It is perhaps the long shadow of wartime secrecy, plus the inadequate place of science in our education during past decades, that still prevents understanding of atomic energy and full confidence in atomic power. Mullenbach (1963) stated that but only technical details are now secret or hard to learn. The time has come for businessmen, legislators, and leaders of thought to comprehend this great new force, to evaluate what it means to mankind and thus to enter the atomic age. Such is the way of science in this technological age. Its wildest dreams become the most powerful of social forces. None could have been wilder than Albert Einstein's mathematical but preposterous idea of fifty years ago that matter could be transformed into energy. Slowly but fatefully the facts emerged from the laboratories of Rutherford and Chadwick in England, Bohr in Denmark, Fermi in Italy, Curie and Joliot in France, Anderson and Lawrence in the United States, and Hahn in Germany. By 1939 fact had caught up with theory and a uranium atom had yielded its incredible energy. But war at once exploited the discovery. Cravens (2007) stated that Albert Einstein called it to the attention of President Franklin D. Roosevelt. Within five war years Hahn's single exploding atom became the horrendous bomb. Unprecedented concentration of European and American brains and ample money and technical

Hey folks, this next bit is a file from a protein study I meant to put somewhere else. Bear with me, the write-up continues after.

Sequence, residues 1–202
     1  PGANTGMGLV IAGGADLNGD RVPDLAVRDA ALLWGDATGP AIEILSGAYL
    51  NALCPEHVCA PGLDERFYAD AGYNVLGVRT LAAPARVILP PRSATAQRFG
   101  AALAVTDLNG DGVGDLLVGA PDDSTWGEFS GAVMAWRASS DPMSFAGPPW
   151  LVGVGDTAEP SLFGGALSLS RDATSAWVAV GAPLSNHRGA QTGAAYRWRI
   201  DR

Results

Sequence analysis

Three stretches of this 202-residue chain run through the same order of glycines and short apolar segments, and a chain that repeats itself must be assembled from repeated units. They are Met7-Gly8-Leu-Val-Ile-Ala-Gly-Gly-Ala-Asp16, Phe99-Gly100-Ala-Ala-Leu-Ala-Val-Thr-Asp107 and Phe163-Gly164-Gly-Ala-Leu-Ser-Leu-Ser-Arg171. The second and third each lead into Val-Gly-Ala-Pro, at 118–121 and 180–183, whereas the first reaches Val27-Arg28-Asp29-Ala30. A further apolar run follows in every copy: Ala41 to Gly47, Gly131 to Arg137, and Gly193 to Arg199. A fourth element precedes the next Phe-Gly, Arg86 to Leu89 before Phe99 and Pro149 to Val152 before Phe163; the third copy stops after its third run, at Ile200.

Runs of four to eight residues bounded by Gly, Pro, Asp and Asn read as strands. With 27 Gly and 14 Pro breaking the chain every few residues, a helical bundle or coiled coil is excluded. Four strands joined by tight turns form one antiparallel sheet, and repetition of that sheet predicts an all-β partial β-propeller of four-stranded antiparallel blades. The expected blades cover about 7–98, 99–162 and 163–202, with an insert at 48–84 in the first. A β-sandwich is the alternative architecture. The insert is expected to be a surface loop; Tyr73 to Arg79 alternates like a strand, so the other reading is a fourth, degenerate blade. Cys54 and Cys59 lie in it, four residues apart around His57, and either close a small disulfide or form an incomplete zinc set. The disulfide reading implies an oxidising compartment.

facilities in the United States made Hahn's esoteric experiment into the most powerful force that engineering and the fate of nations had ever known. It developed under military secrecy. It required vast production and accumulated a store-house of scientific and engineering knowledge that remained
hidden for almost ten years. Suddenly, at Geneva, a colossal industry was revealed in full operation, too big for the military purposes of the moment at least, but ready, quite as a by-product, to transform the world and all of Canada.